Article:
Our hydrogen refuelling station is a computer-controlled system consisting of six main components:
- Three in one unit comprising an electrolyser, compressor and 700 bar hydrogen dispensing system to fuel a hydrogen car
- FIBA hydrogen storage pressure vessels (x6) for storage of hydrogen at high pressure
- Deionisation subsystem for water purification
- Gordon Brothers chiller system for cooling hydrogen down to -40oC
- Electrolyser cooler for removing excess heat from the electrolysis process
- Safety, control and power unit which controls all the logic, safety alarms and power.
The flow chart below shows how the components work together to produce hydrogen and refuel cars:
Electrolyser and CompressorThe Proton Exchange Membrane (PEM) electrolyser inside the central unit marked as SimpleFuel is used to convert deionised water into hydrogen and oxygen, using ‘green’ electricity purchased from the state grid. It can produce 20kg of hydrogen per day. The hydrogen then goes through to the compressor, which pressurises it to 1000 bar (14,503 psi), before sending it to one of the storage tanks.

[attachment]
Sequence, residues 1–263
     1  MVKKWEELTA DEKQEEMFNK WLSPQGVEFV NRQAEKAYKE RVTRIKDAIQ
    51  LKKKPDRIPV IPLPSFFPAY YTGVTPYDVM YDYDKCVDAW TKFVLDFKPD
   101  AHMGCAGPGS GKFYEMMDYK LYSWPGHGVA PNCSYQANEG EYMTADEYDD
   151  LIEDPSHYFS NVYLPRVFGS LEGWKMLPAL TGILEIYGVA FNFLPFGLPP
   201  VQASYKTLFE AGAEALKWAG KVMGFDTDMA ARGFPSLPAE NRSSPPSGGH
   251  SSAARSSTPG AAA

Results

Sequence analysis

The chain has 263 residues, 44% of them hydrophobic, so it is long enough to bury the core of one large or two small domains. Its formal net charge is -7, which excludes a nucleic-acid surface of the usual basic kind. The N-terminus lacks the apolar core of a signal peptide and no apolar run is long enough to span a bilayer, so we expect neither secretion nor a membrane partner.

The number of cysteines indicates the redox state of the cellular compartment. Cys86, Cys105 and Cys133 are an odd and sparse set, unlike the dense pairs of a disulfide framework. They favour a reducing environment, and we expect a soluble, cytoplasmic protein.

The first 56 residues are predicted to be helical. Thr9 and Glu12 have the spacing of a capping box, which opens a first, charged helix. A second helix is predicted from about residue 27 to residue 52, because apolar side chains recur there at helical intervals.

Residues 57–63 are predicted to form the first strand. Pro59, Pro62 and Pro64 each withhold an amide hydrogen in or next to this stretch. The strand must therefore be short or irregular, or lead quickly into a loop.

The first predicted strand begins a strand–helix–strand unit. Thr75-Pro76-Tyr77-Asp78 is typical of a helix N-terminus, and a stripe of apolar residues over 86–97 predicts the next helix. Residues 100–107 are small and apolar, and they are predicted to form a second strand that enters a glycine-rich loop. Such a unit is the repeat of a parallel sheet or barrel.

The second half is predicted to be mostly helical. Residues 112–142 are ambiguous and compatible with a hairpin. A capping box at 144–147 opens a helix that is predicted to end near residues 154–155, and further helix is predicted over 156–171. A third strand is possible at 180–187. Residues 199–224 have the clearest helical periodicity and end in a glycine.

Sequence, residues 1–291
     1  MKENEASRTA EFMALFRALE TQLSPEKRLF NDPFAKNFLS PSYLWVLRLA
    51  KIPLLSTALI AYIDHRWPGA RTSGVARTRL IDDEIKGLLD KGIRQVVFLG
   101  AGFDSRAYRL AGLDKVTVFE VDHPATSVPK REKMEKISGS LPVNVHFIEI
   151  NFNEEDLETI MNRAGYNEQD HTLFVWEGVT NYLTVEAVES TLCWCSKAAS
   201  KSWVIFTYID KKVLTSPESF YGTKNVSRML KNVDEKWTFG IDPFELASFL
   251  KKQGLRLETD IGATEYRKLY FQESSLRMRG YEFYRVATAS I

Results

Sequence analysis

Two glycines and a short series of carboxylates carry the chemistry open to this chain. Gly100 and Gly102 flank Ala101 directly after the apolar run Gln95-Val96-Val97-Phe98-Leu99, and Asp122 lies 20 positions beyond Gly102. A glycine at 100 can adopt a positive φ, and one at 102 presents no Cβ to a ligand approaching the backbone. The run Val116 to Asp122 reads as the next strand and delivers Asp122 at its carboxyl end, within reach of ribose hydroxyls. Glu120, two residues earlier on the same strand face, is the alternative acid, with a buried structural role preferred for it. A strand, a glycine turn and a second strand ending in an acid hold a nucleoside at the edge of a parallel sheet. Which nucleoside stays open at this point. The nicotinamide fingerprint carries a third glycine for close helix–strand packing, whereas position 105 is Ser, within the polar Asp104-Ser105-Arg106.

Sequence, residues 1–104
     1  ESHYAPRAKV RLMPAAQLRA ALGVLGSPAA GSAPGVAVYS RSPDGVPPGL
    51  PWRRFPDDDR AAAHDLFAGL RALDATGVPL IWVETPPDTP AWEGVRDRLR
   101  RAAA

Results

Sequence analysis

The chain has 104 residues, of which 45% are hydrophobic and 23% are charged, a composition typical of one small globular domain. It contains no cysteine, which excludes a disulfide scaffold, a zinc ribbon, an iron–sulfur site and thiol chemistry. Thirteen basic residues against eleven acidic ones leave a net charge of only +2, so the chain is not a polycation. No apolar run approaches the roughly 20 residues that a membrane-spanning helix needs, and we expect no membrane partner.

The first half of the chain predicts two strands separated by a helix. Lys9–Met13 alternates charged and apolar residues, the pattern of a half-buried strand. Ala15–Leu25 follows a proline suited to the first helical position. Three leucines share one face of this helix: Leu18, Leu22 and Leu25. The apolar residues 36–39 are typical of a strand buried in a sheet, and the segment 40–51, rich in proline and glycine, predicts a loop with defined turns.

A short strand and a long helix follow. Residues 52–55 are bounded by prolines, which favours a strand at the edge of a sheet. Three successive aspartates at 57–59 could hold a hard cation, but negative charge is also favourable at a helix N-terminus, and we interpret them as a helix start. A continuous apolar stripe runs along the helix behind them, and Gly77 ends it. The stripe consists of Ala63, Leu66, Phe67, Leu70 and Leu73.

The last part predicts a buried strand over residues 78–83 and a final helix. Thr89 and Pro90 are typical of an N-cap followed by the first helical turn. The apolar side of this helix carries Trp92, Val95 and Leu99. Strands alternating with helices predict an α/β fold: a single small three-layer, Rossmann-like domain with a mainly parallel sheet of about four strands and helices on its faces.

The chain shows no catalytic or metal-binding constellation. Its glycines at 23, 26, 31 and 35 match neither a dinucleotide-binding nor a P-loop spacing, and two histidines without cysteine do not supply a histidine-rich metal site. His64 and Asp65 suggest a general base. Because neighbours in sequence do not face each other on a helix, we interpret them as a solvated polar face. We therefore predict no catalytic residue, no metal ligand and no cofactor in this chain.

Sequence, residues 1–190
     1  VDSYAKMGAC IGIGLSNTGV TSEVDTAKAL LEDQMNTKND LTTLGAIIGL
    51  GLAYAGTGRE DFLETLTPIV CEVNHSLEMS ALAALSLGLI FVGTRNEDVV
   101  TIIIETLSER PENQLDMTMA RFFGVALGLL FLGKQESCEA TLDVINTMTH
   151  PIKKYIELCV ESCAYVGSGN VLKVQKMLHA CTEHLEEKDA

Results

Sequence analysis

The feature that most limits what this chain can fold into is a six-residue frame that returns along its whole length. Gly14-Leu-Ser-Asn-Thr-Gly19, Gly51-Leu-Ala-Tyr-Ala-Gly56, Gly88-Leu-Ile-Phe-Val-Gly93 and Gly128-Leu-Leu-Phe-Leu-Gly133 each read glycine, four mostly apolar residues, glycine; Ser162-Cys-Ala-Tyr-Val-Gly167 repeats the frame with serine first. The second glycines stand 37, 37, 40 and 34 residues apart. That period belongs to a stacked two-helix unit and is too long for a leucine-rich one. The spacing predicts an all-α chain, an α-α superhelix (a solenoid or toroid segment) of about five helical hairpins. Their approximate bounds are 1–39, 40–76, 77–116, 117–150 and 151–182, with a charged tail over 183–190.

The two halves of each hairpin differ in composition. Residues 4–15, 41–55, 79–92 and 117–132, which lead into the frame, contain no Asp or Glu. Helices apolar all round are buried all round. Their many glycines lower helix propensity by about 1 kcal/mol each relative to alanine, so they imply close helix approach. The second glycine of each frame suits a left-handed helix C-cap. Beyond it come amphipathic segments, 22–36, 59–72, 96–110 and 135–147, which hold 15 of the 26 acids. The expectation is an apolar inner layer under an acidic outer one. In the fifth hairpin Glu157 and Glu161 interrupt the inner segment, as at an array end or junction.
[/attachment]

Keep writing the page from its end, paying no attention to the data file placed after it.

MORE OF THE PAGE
There are six horizontal storage cylinders totalling 80kg of storage. The cascade hydrogen system requires that some hydrogen is stored at 1000 bar, some at 700 bar and some at at 500 bar. These different pressures are used to fill the hydrogen vehicle via a computer-controlled protocol to 700bar.
As fast filling of hydrogen results in heat being generated during the depressurising phase (when filling a vehicle), the gas entering the vehicle tanks must be precooled. The chiller is used to cool the hydrogen gas down to –40oC.
Our chiller was constructed by an Australian supplier.
To dispense hydrogen, the user connects the nozzle to the vehicle and then presses the vehicle fill button on the bowser.
The vehicle and the hydrogen refueller use a standard based Protocall to talk to each other and perform the pre-fill safety checks, which include a connection seal check. Only after all the checks are completed will the refueller start the fuelling stage.
Filling a vehicle is computer controlled, where the computer can speed up or slow down the filling process depending on the temperature in the vehicle's tank. Typically, with hydrogen gas precooled to –40oC, a vehicle can be filled from empty in under 10 minutes.
The computer system is constantly monitoring the filling process and no further intervention is needed by the user. Once the filling is complete the user is prompted to remove the nozzle from the vehicle and return it to its location.
The Hydrogen Refuelling Station is designed to refuel cars with a 700 bar storage tank.
CSIRO staff can access all the safety documentation for the hydrogen refuelling station in our safety platform, Donesafe (RIS50018).